Notes on the Folklore of the Fjort, by Richard Edward Dennett, , at sacred-texts.com
A MAN had two wives named Kengi and Gunga. One day he called them to him, and said that he was going to Loango to buy salt, and so might be away some time. He left them both well. Some time after he had gone, Kengi became heavy with child. And Gunga asked her how it was that she was in that condition.
"It is true," said Kengi, "that I am with child; but never you mind. When the child is born, you will see that it is his."
"How can it be, when he has been gone so long?" rejoined Gunga.
Now when the child was born, it carried with it a handful of hair. And all the people marvelled. Then the child spoke, and said: "This is the work of God."
And the people ran away, they were so much afraid. And when the child grew up, he went into the woods to hunt elephants. And all this time the father had not returned.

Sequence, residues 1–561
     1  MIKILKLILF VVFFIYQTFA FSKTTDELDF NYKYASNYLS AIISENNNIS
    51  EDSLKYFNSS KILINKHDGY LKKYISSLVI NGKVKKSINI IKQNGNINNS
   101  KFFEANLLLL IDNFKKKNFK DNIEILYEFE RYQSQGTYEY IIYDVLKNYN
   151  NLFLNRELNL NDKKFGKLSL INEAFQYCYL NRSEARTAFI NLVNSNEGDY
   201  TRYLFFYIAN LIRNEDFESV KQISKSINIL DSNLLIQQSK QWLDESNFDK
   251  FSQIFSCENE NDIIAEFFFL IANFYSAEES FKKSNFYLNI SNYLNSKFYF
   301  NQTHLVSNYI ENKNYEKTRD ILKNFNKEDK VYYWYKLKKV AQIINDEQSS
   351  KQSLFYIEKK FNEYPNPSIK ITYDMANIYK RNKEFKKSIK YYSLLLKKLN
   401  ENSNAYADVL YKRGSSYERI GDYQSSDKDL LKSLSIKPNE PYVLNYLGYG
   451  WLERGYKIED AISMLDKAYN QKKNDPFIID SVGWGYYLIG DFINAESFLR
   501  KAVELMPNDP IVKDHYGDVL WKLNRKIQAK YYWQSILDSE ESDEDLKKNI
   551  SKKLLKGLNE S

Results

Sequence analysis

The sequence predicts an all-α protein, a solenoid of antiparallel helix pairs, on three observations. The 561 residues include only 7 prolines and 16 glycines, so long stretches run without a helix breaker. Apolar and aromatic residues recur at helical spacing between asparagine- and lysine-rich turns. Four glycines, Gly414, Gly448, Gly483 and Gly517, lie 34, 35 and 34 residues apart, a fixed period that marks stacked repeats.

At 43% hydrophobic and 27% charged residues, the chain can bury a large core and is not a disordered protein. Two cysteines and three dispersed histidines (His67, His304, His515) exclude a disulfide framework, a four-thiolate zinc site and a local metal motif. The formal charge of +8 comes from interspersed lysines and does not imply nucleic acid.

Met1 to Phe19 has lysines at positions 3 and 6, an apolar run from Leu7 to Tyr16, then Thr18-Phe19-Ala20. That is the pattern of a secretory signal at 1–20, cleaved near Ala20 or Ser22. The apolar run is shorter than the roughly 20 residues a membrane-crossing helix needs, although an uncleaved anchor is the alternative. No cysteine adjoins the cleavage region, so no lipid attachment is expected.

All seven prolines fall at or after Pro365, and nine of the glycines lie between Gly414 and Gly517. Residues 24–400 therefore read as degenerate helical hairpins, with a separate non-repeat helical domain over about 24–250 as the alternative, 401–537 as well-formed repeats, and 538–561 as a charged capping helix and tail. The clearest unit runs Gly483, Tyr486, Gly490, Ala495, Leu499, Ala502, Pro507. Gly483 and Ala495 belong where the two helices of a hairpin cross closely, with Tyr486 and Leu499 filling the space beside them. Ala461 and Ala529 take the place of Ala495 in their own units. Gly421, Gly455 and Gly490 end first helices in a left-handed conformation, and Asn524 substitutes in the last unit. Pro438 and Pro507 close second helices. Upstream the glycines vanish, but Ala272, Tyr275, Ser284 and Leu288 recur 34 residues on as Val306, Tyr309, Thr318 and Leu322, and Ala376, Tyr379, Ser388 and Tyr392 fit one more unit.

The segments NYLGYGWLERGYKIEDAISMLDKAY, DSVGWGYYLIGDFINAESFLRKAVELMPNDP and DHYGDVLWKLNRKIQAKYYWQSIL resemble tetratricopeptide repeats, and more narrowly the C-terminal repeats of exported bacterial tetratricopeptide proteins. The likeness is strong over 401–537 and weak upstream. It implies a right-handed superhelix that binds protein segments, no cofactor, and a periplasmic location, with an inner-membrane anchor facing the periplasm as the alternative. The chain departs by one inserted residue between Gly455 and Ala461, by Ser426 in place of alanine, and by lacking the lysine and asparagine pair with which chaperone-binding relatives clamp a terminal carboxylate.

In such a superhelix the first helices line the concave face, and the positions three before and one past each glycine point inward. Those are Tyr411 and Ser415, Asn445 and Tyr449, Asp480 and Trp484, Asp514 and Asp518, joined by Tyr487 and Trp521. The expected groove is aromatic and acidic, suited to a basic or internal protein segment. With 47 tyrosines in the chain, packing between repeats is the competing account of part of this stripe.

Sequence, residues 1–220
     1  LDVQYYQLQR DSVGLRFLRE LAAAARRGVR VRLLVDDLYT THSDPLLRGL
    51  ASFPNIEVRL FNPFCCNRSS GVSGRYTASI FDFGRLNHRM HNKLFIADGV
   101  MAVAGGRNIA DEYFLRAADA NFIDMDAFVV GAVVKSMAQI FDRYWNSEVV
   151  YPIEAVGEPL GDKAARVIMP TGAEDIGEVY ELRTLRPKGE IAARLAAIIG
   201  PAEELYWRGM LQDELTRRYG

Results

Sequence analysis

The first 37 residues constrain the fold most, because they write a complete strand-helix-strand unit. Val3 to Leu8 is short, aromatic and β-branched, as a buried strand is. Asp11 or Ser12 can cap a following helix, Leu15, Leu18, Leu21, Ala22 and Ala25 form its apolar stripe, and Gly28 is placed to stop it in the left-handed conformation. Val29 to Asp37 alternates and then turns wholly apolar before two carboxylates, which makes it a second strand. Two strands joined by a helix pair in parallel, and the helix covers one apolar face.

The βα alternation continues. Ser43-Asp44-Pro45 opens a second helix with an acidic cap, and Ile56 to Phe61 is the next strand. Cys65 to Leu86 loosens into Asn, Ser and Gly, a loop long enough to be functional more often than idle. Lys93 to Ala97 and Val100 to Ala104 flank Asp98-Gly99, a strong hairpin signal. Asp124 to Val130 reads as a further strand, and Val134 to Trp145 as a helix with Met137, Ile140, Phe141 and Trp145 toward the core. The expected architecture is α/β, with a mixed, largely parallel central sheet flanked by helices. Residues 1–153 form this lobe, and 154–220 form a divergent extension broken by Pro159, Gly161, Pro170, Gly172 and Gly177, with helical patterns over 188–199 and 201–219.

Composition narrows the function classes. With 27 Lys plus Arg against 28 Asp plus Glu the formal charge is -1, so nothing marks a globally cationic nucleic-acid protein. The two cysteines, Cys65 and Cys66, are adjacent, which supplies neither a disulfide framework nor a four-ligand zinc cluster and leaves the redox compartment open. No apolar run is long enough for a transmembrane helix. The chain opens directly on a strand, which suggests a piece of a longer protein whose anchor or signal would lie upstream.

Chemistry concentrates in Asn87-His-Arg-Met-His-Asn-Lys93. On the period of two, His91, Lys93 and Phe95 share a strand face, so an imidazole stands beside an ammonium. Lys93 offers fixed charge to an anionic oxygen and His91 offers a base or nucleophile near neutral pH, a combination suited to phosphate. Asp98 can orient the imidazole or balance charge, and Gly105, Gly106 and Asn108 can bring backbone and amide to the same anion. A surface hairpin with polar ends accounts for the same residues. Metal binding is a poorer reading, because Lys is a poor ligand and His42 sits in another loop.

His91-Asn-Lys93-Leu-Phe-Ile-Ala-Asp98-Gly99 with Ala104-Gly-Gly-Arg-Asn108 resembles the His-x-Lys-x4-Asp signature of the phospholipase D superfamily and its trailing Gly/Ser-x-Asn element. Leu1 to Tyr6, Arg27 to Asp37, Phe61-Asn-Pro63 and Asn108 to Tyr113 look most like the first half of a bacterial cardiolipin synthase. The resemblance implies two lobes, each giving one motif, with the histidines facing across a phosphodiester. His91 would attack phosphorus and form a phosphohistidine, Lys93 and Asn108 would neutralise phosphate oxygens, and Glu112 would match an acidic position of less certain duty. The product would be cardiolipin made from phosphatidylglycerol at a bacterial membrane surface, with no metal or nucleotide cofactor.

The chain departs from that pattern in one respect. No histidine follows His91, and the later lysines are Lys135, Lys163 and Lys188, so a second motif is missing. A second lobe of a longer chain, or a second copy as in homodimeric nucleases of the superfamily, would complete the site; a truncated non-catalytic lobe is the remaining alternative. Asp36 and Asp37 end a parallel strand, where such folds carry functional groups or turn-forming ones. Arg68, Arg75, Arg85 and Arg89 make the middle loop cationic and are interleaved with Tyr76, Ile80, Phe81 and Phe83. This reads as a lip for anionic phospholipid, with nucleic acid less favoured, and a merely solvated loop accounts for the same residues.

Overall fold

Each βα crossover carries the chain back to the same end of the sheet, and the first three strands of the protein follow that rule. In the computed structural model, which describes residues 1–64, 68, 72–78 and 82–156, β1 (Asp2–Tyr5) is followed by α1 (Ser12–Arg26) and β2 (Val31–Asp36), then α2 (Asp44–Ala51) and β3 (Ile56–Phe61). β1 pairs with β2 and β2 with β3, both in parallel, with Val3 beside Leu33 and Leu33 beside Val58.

One day the child killed an elephant, and came to tell his mother of his good fortune. They called the princes together; and then they went and cut up the elephant and divided it among the people. Then the people said that he was a. good child.
And now the father returned, and Kengi was afraid, and prayed Gunga not to tell him that the child was his.
"No, I will not, Kengi," said Gunga; "but the boy himself will."
And when the father came the boy went up to him, and said: "Father, give me your hand."
"Nay, child, I know thee not. If I am thy father, tell me, child, when did I give thee birth, and by whom?"
And the people all said: "He is your son by Kengi."
"Nay, I left Kengi well."
Then the son sings: "Now am I indeed dead, and become a bird."
And hearing this, the father took his son to his heart, and gave him a wife, and made him chief over many towns.